The more dangerous and fast-spreading coronavirus variant, Delta, which originated from India has reached at least 104 countries across the globe, the World Health Organisation (WHO) said Monday, warning it will soon be the dominant Covid-19 strain circulating worldwide.
In Zimbabwe, the Delta strain was first detected in May in the Midlands city of Kwekwe resulting in the government imposing a localised lockdown to contain it.
Neighbouring South Africa is also battling the same variant.
Briefing the media on Covid-19 yesterday, WHO director-general, Dr Tedros Adhanom Ghebreyesus said the Delta variant was driving a new spike in cases and deaths.
“The world is watching in real time as the Covid-19 virus continues to change and become more transmissible. The Delta variant is ripping around the world at a scorching pace, driving a new spike in cases and death. In places with high vaccination coverage, Delta is spreading quickly; especially infecting unprotected and vulnerable people and steadily putting pressure back on health systems.”
Ghebreyesus said the WHO continues to receive reports from all regions of the world about hospitals reaching capacity.
“For health workers that have been in a titanic battle for more than a year and have record waiting lists to attend to, increased hospitalisations at any level is a challenge to them and their patients and to the overall capacity of the health system,” he decried.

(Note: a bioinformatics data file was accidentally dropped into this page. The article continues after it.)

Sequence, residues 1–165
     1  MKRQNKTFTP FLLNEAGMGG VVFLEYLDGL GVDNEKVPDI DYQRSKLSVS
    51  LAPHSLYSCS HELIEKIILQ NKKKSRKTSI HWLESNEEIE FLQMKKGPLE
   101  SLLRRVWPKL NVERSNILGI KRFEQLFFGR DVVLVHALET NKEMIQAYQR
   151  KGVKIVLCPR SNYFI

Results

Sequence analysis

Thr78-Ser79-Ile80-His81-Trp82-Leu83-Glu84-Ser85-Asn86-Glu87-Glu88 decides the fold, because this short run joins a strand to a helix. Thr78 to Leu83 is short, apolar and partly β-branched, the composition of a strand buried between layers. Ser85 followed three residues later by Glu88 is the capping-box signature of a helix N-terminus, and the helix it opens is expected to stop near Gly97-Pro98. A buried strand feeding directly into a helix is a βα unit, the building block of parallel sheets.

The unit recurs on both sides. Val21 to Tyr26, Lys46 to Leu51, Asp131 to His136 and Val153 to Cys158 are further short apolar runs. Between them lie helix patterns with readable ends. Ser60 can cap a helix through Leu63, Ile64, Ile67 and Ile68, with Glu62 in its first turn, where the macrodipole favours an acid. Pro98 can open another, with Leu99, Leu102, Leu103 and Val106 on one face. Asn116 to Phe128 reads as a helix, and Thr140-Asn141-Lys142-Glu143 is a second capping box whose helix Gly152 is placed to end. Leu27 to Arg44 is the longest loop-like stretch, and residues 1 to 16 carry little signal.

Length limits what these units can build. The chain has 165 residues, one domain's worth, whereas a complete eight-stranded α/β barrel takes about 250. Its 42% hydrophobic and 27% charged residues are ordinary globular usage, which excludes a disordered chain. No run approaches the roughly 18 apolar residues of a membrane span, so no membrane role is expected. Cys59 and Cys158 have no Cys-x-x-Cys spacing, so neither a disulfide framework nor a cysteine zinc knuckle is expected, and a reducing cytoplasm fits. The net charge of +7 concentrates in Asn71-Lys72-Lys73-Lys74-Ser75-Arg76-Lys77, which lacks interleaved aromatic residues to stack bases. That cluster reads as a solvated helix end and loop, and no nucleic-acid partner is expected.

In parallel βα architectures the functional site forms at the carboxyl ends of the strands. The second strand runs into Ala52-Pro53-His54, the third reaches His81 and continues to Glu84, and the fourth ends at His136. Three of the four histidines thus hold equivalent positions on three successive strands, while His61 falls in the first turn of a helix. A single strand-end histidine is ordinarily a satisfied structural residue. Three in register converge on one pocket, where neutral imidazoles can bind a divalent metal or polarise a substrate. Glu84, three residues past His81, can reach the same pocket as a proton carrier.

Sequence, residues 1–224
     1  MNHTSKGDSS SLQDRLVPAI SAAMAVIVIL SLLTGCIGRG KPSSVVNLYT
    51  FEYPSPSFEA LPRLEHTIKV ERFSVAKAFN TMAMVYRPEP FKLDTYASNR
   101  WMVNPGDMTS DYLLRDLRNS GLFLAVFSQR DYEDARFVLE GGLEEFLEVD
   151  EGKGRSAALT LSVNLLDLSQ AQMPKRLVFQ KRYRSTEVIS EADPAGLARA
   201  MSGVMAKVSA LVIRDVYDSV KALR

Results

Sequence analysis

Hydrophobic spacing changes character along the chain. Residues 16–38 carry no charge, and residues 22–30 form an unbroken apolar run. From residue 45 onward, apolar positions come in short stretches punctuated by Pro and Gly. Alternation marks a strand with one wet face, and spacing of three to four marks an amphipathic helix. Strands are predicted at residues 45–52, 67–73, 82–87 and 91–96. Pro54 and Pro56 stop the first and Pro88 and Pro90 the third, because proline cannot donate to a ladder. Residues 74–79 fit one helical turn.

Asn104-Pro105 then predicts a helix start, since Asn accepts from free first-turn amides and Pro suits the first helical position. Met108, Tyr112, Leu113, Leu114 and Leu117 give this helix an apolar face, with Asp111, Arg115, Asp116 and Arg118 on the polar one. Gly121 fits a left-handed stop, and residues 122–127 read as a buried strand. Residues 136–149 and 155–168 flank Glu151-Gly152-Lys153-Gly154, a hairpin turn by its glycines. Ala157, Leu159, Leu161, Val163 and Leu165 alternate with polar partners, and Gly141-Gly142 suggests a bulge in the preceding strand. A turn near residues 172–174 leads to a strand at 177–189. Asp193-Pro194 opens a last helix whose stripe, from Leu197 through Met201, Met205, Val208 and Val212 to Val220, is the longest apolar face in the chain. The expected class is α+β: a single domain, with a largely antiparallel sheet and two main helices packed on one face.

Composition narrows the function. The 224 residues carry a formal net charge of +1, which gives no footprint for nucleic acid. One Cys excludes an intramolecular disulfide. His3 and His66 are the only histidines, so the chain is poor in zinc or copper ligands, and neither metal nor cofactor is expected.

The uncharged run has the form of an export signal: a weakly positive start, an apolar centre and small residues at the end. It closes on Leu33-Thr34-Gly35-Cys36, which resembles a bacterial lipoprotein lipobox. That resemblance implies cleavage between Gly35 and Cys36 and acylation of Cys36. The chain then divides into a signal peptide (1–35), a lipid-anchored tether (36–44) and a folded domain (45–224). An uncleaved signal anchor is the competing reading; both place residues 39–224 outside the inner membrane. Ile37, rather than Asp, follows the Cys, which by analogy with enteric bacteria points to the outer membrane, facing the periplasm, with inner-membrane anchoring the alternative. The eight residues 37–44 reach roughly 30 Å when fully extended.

“Delta and other highly transmissible variants are driving catastrophic waves of cases, which are translating into high numbers of hospitalisations and deaths. Even countries that successfully managed to ward off the early waves of the virus, through public health measures alone, are now in the midst of devastating outbreaks.”
Last week, Ghebreyesus said, marked the fourth consecutive week of increasing cases of Covid-19 globally, with increases recorded in all but one of WHO’s six regions.
“And after 10 weeks of declines, deaths are increasing again,” bemoaned the WHO chief.
“My message today is that we are experiencing a worsening public health emergency that further threatens lives, livelihoods and a sound global economic recovery. It is definitely worse in places that have very few vaccines, but the pandemic is not over anywhere. The current collective strategy reminds me of a fire fighting team taking on a forest blaze.”
He added: “Hosing down part of it might reduce the flames in one area but while it’s smouldering anywhere, sparks will eventually travel and grow again into a roaring furnace. The world should battle together to put out this pandemic inferno everywhere. The global gap in vaccine supply is hugely uneven and inequitable.”